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Check Out the High-Tech Suit U.S. OIympic Rowers Are Wearing

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You’ve likely heard the horror stories about the polluted rowing courses in Rio, where athletes are expected to compete in water replete with raw sewage. Tests have shown that “Olympic athletes are almost certain to come into contact with disease-causing viruses that in some tests measured up to 1.7 million times the level of what would be considered hazardous on a Southern California beach." Swallowing just three teaspoons of the water undoubtedly means a viral infection for the poor sap who ingests it (there’s a 99 percent chance of infection).

Enter the new rowing suit made by U.S. company Boathouse, whose founder and CEO, John Strotbeck, is a two-time Olympic rower himself. The one-piece "unisuit" has antimicrobial properties, but that's not even the most innovative thing about it. The feature the athletes are more likely to talk about is the lack of seams, which is an incredibly important detail when you consider the number of hours athletes spend making repetitive motions during training and competition.

The suits are made using an electronic knitting machine that is typically used to make delicate garments like hosiery. Because of the knitting process, and because each suit is made to custom measurements, there’s almost no fabric waste left over. And it's insanely lightweight: The entire suit weighs less than seven ounces.

And while the antimicrobial finish is a nice bonus, it’s probably not going to work any miracles—the suit still leaves most of the rowers’ bodies exposed, and the biocides aren’t great at killing viruses anyway. Still, every little bit helps.

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How to Tie Your Shoes With One Hand, According to a Paralympian
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Megan Absten lost her left arm in an ATV accident when she was 14, but the injury hasn't stopped her from doing extraordinary things like competing for the U.S. track and field team in the Paralympics. Nor has it stopped her from completing everyday tasks that most people need two hands for—like tying her shoes. After the shoe-tying methods she learned in physical therapy didn't cut it for her, she had to come up with her own one-handed trick. She shares her process in a new video spotted by Lifehacker.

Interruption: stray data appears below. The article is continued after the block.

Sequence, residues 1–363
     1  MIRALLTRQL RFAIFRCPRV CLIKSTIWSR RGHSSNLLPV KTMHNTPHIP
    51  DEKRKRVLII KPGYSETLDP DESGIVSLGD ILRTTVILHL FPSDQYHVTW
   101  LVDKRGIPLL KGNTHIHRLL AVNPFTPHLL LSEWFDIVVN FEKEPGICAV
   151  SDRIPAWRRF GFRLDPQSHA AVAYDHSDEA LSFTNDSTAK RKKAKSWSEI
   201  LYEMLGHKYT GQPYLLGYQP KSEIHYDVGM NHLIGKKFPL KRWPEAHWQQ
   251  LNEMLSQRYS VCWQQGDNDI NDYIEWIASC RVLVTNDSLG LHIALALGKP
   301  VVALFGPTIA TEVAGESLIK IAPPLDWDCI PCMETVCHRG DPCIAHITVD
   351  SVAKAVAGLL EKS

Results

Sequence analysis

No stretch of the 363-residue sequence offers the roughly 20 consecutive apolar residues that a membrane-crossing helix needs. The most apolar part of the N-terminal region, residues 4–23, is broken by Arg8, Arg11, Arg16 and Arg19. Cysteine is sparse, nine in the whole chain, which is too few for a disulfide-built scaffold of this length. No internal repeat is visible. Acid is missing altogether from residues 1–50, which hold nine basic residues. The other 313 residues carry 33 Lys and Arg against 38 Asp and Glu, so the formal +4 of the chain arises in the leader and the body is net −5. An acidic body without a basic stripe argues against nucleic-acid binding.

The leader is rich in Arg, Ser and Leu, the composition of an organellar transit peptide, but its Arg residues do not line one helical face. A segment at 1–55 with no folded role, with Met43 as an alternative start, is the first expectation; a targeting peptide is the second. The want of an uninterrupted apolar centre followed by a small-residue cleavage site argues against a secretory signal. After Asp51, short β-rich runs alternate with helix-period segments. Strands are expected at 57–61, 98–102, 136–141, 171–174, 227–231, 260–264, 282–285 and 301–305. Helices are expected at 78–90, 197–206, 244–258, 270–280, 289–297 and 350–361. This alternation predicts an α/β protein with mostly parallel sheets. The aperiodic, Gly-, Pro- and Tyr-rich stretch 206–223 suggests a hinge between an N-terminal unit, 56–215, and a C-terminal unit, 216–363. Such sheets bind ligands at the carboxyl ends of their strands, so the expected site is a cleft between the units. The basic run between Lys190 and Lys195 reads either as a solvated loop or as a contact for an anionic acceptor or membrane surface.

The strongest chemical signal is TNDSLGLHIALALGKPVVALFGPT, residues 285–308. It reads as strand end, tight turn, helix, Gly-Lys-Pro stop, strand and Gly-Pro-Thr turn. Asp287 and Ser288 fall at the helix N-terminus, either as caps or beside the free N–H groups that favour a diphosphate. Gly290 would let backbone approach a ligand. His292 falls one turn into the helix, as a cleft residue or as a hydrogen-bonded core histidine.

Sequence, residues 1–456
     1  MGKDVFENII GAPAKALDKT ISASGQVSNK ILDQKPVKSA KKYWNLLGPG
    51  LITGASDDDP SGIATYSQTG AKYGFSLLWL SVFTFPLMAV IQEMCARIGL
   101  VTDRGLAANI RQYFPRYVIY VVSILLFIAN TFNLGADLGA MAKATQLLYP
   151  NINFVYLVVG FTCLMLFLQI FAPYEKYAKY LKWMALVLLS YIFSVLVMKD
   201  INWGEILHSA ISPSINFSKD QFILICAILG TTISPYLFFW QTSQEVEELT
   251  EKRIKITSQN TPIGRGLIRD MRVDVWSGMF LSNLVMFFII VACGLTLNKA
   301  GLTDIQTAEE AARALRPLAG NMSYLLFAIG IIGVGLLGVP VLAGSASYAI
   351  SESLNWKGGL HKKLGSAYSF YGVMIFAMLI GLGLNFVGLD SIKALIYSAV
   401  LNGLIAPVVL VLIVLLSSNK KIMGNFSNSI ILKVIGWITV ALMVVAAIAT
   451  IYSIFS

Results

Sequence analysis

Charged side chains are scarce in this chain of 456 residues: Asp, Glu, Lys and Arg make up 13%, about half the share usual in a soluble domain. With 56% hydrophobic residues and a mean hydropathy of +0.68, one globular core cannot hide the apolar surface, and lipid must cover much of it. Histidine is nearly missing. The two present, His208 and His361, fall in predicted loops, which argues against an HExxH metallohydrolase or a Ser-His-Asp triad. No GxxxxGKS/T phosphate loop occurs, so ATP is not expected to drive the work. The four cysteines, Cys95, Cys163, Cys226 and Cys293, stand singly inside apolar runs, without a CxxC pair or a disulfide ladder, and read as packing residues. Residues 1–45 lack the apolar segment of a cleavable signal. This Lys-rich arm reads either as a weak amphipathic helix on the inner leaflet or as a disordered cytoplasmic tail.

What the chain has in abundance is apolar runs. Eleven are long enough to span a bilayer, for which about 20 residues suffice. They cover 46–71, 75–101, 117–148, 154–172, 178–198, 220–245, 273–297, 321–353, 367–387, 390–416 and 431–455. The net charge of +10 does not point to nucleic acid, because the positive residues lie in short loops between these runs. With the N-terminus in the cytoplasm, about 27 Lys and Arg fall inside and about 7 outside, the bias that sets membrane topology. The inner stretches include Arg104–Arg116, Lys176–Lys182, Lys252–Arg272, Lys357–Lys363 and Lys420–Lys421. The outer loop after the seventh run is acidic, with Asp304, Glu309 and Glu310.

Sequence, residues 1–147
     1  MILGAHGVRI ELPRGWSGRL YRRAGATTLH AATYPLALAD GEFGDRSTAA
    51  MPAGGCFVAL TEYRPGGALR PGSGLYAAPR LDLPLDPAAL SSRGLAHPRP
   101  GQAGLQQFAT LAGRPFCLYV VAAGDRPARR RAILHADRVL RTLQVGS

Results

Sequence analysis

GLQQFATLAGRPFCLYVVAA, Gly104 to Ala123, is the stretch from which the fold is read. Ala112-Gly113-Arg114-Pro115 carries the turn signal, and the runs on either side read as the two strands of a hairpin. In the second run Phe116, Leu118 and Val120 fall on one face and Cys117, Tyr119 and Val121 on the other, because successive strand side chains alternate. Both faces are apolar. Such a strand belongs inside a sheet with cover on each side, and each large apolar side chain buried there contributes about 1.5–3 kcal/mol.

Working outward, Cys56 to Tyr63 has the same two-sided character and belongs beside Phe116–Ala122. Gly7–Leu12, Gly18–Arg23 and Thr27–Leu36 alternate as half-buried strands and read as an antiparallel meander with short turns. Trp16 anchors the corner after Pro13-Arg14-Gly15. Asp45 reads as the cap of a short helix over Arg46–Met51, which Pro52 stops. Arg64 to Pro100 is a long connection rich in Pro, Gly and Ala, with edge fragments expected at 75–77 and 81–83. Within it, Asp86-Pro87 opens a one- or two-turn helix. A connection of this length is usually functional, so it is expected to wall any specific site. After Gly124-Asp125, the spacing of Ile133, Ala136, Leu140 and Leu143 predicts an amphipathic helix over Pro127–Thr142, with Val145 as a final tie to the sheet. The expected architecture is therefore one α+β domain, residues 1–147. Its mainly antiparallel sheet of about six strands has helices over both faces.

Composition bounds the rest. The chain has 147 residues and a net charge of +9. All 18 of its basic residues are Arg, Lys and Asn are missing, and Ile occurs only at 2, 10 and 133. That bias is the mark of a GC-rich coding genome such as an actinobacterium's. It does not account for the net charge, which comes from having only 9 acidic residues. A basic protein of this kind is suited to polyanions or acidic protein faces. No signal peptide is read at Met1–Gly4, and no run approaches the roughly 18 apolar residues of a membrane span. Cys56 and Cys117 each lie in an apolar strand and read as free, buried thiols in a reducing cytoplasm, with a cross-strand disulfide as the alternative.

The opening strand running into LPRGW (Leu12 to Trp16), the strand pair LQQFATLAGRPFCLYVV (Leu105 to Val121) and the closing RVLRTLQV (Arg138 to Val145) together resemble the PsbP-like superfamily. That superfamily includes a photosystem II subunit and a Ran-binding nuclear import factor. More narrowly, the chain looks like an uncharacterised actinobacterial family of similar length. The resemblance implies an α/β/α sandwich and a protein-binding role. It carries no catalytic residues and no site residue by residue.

First things first: Lay your laces on either side of your shoe. Next, use your hand to cross them and tuck one end through to make the beginning of your knot. Pin the end of one lace beneath the bottom of your foot to hold it tight, then pull the second lace up with your hand.

Now, you're ready to make your bunny ears. Create a loop with the free lace and pinch it between your thumb and index finger. Then, use your middle finger to grab the lace that you’ve been holding under your shoe. Circle this string around the loop, then push it through the opening to create your second bunny ear. Tighten the new knot by sticking your index finger and thumb in each loop and spreading them wide.

Watch Absten explain the process for herself in the video below. If you're feeling more advanced, she also demonstrates a second technique for you to try.

Once you've mastered those methods, try out these shoe hacks for happier feet.

[h/t Lifehacker]

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2018 Winter Olympics By the Numbers: Which Country Was the Big Winner in Pyeongchang?
JONATHAN NACKSTRAND, AFP/Getty Images
JONATHAN NACKSTRAND, AFP/Getty Images

The closing ceremony of the 2018 Winter Olympics was held on Sunday, February 25, concluding more than two weeks of history-making figure-skating jumps and listening to curlers yell at each other. But if you're someone who tunes in to the Olympics only to see your country win, you may have been left feeling confused. There was no official winner announced at the end of the event, so how are you supposed to know which nation dominated the Winter Games? Judging solely by medal count, these are the countries that skied, skated, and slid their way to the top in Pyeongchang.

According to Bloomberg, Norway came out of the games as the most decorated country. The Scandinavian nation of 5.3 million took home 11 bronze, 14 silver, and 14 gold medals, bringing the total to 39. That makes Norway the biggest single nation winner at any Winter Olympics, breaking the prior record of 37, which was set by the U.S. at the 2010 Winter Olympics in Vancouver. Norway was represented by about half the number of athletes competing on Team USA, but it was bolstered by a few advantages—like long winters (making training for cross-country sports easier), universal healthcare, and a culture that encourages young athletes to play sports for the sake of play rather than for the sake of winning.

Germany tied Norway for the most golds with 14, but earned 10 silver and seven bronze medals, landing them in second place with 31. Canada ranked third with 29 medals overall, 11 of which were gold, and the United States came in fourth with a tally of 23 medals, including nine golds. The Netherlands, Sweden, South Korea, Switzerland, France, and Austria round out the top 10.

Teams used to spending a lot of time on the podium may strive for that top slot, but placing in any event is impressive. The majority of teams that competed went home without any medals to show for their efforts. Fortunately, they have until 2022 to prepare for the next Winter Olympics in Beijing.

[h/t Bloomberg]

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